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Micropyramid-patterned, oxygen-permeable bottomed dish for high density culture of pancreatic islets

Myrick, Ryan J. and Shang, Kuang-Ming and Betts, Jonathan F. and Gonzalez, Nelson and Rawson, Jeffrey and Izumi, Kenji and Koba, Naoya and Tsuchiya, Takanori and Kato, Hiroyuki and Omori, Keiko and Kandeel, Fouad and Mullen, Yoko and Tai, Yu-Chong and Botvinick, Elliot and Komatsu, Hirotake (2023) Micropyramid-patterned, oxygen-permeable bottomed dish for high density culture of pancreatic islets. Biofabrication, 15 (1). Art. No. 015018. ISSN 1758-5082. doi:10.1088/1758-5090/aca79a.

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The need for maintaining cell-spheroid viability and function within high-density cultures is unmet for various clinical and experimental applications, including cell therapies. One immediate application is for transplantation of pancreatic islets, a clinically recognized treatment option to cure type 1 diabetes; islets are isolated from a donor for subsequent culture prior to transplantation. However, high seeding conditions cause unsolicited fusion of multiple spheroids, thereby limiting oxygen diffusion to induce hypoxic cell death. Here we introduce a culture dish incorporating a micropyramid-patterned surface to prevent the unsolicited fusion and oxygen-permeable bottom for optimal oxygen environment. A 400 µm-thick, oxygen-permeable polydimethylsiloxane sheet topped with micropyramid pattern of 400 µm-base and 200 µm-height was fabricated to apply to the 24-well plate format. The micropyramid pattern separated the individual pancreatic islets to prevent the fusion of multiple islets. This platform supported the high oxygen demand of islets at high seeding density at 260 islet equivalents cm⁻², a 2–3-fold higher seeding density compared to the conventional islet culture used in a preparation for the clinical islet transplantations, demonstrating improved islet morphology, metabolism and function in a 4 d-culture. Transplantation of these islets into immunodeficient diabetic mice exhibited significantly improved engraftment to achieve euglycemia compared to islets cultured in the conventional culture wells. Collectively, this simple design modification allows for high-density cultures of three-dimensional cell spheroids to improve the viability and function for an array of investigational and clinical replacement tissues.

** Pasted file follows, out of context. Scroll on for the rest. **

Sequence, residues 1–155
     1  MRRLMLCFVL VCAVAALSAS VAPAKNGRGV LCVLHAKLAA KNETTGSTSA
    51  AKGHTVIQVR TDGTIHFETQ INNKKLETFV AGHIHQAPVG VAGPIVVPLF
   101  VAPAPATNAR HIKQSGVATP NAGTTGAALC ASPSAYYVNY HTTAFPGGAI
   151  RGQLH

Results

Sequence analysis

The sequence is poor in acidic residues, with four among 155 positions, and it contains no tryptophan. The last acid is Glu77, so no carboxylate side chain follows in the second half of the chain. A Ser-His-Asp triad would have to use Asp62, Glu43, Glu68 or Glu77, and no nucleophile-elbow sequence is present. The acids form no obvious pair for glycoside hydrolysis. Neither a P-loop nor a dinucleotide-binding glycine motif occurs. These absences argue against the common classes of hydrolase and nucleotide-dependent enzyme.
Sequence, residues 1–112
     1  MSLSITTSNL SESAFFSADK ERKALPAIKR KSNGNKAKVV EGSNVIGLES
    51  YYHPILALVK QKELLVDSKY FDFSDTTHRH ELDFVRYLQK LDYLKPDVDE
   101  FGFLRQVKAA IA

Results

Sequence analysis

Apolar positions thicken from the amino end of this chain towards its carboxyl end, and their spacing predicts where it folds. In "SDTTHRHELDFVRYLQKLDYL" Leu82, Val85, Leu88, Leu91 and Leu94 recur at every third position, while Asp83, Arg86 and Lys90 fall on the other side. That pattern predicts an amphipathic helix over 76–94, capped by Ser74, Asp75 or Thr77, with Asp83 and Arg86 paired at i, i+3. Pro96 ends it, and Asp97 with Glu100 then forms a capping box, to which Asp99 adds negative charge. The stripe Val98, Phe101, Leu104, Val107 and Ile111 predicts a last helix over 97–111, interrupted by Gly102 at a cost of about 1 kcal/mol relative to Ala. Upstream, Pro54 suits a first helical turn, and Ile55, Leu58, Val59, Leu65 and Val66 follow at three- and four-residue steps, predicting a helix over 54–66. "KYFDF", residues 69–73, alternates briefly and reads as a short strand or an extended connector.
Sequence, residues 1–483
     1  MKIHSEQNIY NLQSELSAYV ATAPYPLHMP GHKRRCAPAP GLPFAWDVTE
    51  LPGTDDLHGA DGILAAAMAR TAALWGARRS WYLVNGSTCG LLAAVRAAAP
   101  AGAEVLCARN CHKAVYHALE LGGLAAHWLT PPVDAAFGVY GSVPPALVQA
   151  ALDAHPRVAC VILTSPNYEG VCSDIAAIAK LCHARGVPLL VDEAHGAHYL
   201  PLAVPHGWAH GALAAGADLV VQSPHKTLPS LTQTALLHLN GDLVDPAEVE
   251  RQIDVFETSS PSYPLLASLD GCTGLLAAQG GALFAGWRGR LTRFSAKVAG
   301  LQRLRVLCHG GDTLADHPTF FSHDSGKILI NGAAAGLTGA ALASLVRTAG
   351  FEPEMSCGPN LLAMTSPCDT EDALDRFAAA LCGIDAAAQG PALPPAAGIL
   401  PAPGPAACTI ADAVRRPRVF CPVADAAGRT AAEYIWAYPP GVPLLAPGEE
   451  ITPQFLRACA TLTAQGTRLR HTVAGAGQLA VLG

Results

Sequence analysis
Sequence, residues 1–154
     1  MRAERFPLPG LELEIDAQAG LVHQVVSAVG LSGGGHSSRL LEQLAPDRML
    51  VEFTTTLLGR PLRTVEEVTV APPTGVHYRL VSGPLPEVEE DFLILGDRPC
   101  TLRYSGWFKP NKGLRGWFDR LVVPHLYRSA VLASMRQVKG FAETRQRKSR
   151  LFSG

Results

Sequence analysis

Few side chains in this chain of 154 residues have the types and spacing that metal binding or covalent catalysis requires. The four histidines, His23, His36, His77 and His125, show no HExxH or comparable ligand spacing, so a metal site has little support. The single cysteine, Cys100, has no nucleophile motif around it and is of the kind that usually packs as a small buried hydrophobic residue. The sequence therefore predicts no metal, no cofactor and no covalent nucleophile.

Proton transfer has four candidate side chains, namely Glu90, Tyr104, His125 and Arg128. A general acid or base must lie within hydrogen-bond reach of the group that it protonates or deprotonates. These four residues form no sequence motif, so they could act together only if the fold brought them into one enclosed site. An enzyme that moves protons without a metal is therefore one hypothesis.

Item Type:Article
Related URLs:
URLURL TypeDescription
Myrick, Ryan J.0000-0001-5506-5782
Shang, Kuang-Ming0000-0001-5065-7607
Kato, Hiroyuki0000-0001-6839-7663
Kandeel, Fouad0000-0003-3746-5015
Tai, Yu-Chong0000-0001-8529-106X
Botvinick, Elliot0000-0001-9837-805X
Komatsu, Hirotake0000-0003-0876-4809
Additional Information:We thank Sung Hee Kil, Ph D for critical reading and editing of the manuscript and Juan Carreno for the equipment preparations. Eiji Kobayashi, M D, Ph D provided Luc-Tg LEW rats. Data availability statement. All data that support the findings of this study are included within the article (and any sentry files). Additional data related to this paper may be available to researchers upon request. Funding: Nora Eccles Treadwell Foundation (no Grant Number, HKo); National Institutes of Health Grant R03DK129958-01 (HKo)
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Nora Eccles Treadwell FoundationUNSPECIFIED
Issue or Number:1
Record Number:CaltechAUTHORS:20230103-817548100.28
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Usage Policy:No commercial reproduction, distribution, display or performance rights in this work are provided.
ID Code:118628
Deposited By: Research Services Depository
Deposited On:27 Jan 2023 18:30
Last Modified:27 Jan 2023 18:30

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